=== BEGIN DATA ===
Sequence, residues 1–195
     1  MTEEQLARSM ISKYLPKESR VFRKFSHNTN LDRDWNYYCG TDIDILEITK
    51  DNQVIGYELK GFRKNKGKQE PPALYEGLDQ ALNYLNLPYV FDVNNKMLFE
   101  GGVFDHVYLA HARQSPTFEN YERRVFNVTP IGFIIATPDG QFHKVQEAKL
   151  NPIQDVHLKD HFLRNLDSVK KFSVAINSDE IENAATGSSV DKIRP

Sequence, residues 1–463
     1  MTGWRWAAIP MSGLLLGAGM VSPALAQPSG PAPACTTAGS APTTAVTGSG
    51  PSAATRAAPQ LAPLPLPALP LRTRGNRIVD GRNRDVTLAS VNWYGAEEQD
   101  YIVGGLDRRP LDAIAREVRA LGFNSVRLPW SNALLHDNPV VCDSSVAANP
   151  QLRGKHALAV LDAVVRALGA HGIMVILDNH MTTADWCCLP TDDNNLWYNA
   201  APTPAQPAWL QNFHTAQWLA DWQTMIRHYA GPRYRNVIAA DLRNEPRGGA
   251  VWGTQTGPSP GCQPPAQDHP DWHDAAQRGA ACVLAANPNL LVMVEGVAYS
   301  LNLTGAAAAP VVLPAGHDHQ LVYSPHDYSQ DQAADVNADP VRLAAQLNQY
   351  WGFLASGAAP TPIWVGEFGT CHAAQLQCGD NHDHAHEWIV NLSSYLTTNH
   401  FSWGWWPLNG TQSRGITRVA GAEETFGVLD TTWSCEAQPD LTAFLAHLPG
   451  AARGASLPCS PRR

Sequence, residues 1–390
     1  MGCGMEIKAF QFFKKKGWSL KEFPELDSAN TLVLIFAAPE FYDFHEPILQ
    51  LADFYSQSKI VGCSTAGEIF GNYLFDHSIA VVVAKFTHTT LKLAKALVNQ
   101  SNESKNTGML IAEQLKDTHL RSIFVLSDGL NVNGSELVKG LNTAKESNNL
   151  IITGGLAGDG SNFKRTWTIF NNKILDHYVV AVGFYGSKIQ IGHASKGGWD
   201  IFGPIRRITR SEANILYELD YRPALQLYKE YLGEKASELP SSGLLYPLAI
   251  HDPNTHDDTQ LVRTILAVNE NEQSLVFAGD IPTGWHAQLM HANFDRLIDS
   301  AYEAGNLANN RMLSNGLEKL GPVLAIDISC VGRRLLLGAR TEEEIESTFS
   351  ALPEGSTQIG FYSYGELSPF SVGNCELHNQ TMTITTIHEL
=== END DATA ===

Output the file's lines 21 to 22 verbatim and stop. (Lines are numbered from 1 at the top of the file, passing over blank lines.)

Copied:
   151  IITGGLAGDG SNFKRTWTIF NNKILDHYVV AVGFYGSKIQ IGHASKGGWD
   201  IFGPIRRITR SEANILYELD YRPALQLYKE YLGEKASELP SSGLLYPLAI